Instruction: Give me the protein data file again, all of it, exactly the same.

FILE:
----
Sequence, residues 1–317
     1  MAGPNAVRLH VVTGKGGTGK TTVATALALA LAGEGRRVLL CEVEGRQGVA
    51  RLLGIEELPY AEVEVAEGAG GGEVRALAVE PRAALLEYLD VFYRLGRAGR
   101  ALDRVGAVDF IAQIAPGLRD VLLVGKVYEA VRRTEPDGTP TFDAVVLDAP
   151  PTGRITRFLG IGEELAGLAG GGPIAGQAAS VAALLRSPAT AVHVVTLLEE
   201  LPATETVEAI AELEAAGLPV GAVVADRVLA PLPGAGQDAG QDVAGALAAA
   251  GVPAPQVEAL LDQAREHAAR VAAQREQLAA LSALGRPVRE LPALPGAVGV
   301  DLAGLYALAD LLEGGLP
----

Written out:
Sequence, residues 1–317
     1  MAGPNAVRLH VVTGKGGTGK TTVATALALA LAGEGRRVLL CEVEGRQGVA
    51  RLLGIEELPY AEVEVAEGAG GGEVRALAVE PRAALLEYLD VFYRLGRAGR
   101  ALDRVGAVDF IAQIAPGLRD VLLVGKVYEA VRRTEPDGTP TFDAVVLDAP
   151  PTGRITRFLG IGEELAGLAG GGPIAGQAAS VAALLRSPAT AVHVVTLLEE
   201  LPATETVEAI AELEAAGLPV GAVVADRVLA PLPGAGQDAG QDVAGALAAA
   251  GVPAPQVEAL LDQAREHAAR VAAQREQLAA LSALGRPVRE LPALPGAVGV
   301  DLAGLYALAD LLEGGLP